JAMES DALE HOLCOMBE v. FLORIDA ON PETITION FOR WRIT OF CERTIORARI TO THE DISTRICTCOURT OF APPEAL OF FLORIDA, FIFTH DISTRICTNo. 21–53. Decided February 28, 2022 The petition for a writ of certiorari is denied.
JUSTICE SOTOMAYOR, dissenting from the denial of certiorari.
An attorney jointly represented four codefendants in a criminal case. As trial neared, two of the defendants accepted plea deals and agreed to testify against the other two: James Dale Holcombe, the petitioner here, and his father, Dale Chester Holcombe. This created a conflict of interest that even the prosecutor deemed nonwaivable. Nevertheless, the trial court refused defense counsel’s offer to withdraw from representing the cooperating codefendants and neglected to conduct a detailed inquiry into the nature and extent of the conflict.
The case went to trial, and Holcombe’s attorney cross-examined his two cooperating clients, whose sentences depended on the quality of the testimony they provided against Holcombe. Holcombe was convicted, and the Florida Court of Appeal affirmed. Because this Court’s precedents require vacating Holcombe’s conviction, I would summarily reverse. ***
[T]his case concerns an actual conflict created by a simultaneous joint representation that was timely brought to the trial court’s attention. That it happened to be the prosecutor who first raised the conflict does not affect whether Holloway’s automatic reversal rule applies. This Court’s precedents hold that the duty to inquire is a duty of the trial court—not of any particular party.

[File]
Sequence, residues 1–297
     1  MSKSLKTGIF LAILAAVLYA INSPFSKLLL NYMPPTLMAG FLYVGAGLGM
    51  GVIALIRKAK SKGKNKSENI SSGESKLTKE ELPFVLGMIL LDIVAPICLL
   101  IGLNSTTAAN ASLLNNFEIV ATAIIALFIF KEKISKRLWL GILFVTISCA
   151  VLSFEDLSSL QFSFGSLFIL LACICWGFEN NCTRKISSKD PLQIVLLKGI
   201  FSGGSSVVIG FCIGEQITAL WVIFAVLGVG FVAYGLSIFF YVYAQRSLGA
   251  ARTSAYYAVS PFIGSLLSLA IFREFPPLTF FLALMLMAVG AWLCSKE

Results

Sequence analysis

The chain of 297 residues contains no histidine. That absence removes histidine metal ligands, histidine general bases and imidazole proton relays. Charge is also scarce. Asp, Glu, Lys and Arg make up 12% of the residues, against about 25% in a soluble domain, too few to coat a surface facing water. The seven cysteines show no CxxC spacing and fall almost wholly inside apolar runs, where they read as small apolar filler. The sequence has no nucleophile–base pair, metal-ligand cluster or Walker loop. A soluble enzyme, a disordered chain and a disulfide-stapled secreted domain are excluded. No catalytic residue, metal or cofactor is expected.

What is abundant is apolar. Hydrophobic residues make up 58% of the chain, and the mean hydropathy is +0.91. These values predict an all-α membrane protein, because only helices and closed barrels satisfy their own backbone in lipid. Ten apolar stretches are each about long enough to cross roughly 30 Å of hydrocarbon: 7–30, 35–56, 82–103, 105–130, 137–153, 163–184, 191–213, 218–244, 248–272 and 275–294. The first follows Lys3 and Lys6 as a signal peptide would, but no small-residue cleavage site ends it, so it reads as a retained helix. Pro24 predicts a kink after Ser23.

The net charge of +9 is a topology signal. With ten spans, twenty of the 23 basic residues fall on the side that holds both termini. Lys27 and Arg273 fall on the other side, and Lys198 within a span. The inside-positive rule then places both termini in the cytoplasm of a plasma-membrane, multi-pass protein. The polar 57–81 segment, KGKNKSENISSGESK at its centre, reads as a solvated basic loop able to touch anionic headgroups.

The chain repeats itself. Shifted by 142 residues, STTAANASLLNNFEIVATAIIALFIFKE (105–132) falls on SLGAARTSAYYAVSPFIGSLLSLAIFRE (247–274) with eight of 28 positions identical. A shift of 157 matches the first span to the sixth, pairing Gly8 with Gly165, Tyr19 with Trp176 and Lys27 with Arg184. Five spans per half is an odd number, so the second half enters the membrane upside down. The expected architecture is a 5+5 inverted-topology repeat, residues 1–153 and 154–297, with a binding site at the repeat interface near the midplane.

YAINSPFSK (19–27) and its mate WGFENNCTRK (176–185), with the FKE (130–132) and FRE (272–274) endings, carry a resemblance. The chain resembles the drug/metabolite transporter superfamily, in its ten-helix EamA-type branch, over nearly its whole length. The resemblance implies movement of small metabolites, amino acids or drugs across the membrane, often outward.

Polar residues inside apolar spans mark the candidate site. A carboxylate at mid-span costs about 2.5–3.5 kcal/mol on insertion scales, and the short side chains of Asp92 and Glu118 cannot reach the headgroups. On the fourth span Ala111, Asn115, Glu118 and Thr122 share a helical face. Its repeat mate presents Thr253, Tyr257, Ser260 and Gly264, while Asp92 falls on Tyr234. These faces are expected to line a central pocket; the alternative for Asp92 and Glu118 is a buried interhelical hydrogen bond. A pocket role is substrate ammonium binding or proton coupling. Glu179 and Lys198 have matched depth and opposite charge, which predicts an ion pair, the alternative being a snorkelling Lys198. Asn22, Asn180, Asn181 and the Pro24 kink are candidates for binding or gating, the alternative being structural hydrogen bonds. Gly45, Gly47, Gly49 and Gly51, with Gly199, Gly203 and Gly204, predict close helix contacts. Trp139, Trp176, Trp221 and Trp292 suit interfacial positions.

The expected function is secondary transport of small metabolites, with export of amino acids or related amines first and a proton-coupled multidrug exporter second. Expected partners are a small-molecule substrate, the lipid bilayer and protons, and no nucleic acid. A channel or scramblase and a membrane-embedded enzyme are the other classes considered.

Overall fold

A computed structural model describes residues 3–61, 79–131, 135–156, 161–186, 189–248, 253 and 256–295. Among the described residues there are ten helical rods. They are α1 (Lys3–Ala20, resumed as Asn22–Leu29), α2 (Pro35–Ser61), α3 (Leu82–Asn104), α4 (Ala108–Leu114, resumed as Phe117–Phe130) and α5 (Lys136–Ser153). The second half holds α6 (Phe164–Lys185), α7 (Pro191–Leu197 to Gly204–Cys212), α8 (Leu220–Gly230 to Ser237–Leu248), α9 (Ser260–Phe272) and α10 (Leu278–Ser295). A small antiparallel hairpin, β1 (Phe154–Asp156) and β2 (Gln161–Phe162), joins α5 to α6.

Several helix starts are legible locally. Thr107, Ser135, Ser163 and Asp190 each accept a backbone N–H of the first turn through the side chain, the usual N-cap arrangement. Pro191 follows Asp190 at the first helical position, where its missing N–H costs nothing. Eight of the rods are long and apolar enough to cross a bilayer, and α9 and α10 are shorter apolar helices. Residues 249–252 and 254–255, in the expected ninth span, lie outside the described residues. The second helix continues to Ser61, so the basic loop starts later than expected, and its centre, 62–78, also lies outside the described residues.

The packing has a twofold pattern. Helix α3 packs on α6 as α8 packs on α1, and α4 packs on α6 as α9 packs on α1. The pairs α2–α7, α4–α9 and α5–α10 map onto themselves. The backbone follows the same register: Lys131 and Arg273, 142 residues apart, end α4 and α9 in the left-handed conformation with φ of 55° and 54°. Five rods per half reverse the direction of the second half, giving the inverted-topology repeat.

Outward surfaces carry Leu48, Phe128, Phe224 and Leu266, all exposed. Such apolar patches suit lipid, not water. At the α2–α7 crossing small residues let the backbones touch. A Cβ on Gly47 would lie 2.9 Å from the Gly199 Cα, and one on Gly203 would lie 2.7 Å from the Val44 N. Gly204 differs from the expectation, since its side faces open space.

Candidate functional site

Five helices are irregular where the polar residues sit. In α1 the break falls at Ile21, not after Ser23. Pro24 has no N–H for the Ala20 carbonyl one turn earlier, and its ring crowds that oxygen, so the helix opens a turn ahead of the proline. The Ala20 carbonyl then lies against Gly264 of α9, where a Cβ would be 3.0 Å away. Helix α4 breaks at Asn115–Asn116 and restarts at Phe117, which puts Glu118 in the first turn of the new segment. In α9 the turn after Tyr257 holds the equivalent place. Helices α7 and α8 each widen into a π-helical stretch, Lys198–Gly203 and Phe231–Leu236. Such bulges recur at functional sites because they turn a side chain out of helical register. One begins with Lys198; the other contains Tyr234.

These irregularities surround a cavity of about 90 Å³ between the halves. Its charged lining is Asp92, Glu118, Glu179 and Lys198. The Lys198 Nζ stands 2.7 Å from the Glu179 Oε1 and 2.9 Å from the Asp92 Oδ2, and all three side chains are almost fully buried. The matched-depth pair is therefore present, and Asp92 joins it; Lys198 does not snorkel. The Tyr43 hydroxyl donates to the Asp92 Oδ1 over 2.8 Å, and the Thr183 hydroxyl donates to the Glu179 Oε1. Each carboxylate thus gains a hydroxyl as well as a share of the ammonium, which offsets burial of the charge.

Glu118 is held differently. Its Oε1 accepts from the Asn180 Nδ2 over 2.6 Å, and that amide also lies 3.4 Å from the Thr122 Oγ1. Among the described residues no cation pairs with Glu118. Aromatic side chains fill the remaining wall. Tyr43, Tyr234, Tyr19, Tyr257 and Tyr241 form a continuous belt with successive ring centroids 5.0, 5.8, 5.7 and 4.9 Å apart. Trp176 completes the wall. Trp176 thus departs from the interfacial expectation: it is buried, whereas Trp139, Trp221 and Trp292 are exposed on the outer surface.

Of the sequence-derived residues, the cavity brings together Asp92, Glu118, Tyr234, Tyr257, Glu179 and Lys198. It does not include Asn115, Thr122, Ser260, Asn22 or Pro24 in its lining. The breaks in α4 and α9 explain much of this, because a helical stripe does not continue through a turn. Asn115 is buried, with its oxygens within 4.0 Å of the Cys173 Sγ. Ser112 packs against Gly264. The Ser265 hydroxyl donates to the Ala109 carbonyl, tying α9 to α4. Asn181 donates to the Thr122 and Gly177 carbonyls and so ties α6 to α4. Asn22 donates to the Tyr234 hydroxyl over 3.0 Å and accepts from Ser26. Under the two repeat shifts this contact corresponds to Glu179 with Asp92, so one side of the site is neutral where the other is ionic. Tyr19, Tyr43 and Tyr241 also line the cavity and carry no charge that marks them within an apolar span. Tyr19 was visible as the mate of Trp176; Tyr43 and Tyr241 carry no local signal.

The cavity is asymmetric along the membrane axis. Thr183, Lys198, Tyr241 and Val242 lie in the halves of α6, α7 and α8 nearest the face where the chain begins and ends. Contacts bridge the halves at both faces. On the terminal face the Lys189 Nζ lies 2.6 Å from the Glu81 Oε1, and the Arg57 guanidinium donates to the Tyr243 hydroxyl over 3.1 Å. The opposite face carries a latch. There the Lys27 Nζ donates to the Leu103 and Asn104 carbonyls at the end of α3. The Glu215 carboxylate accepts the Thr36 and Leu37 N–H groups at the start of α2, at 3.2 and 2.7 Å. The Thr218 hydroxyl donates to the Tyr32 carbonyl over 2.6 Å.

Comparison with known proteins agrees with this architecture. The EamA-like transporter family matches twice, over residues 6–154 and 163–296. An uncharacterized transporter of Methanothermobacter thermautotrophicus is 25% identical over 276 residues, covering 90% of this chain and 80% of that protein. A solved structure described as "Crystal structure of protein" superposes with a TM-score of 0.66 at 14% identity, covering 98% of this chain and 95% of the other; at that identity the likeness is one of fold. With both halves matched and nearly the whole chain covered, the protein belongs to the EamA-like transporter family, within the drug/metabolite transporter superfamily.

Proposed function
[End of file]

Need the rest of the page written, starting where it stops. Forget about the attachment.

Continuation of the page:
***Decades ago, this Court explained that “[t]he mere physical presence of an attorney does not fulfill the Sixth Amendment guarantee when the advocate’s conflicting obligations have effectively sealed his lips on crucial matters.” Holloway, 435 U. S., at 490. The proceedings below failed to protect that core constitutional guarantee. For these reasons, I would summarily reverse the judgment of the Florida Court of Appeal.
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